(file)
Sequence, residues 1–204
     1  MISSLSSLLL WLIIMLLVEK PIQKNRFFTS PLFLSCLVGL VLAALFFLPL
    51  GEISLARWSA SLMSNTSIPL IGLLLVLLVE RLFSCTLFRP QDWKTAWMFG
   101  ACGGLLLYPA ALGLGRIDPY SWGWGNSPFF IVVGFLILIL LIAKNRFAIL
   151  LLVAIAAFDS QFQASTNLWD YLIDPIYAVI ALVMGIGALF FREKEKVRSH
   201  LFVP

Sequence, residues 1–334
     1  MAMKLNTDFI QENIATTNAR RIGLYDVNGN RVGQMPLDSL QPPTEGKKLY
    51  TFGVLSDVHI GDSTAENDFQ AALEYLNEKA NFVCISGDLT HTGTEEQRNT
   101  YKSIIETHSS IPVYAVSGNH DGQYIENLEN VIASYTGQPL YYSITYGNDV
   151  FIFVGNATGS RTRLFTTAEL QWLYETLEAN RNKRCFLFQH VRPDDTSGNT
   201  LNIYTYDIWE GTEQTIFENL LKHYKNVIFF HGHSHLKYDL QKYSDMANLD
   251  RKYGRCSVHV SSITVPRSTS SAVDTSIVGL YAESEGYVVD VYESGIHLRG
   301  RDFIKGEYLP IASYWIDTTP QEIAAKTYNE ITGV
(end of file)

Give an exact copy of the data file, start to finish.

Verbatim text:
Sequence, residues 1–204
     1  MISSLSSLLL WLIIMLLVEK PIQKNRFFTS PLFLSCLVGL VLAALFFLPL
    51  GEISLARWSA SLMSNTSIPL IGLLLVLLVE RLFSCTLFRP QDWKTAWMFG
   101  ACGGLLLYPA ALGLGRIDPY SWGWGNSPFF IVVGFLILIL LIAKNRFAIL
   151  LLVAIAAFDS QFQASTNLWD YLIDPIYAVI ALVMGIGALF FREKEKVRSH
   201  LFVP

Sequence, residues 1–334
     1  MAMKLNTDFI QENIATTNAR RIGLYDVNGN RVGQMPLDSL QPPTEGKKLY
    51  TFGVLSDVHI GDSTAENDFQ AALEYLNEKA NFVCISGDLT HTGTEEQRNT
   101  YKSIIETHSS IPVYAVSGNH DGQYIENLEN VIASYTGQPL YYSITYGNDV
   151  FIFVGNATGS RTRLFTTAEL QWLYETLEAN RNKRCFLFQH VRPDDTSGNT
   201  LNIYTYDIWE GTEQTIFENL LKHYKNVIFF HGHSHLKYDL QKYSDMANLD
   251  RKYGRCSVHV SSITVPRSTS SAVDTSIVGL YAESEGYVVD VYESGIHLRG
   301  RDFIKGEYLP IASYWIDTTP QEIAAKTYNE ITGV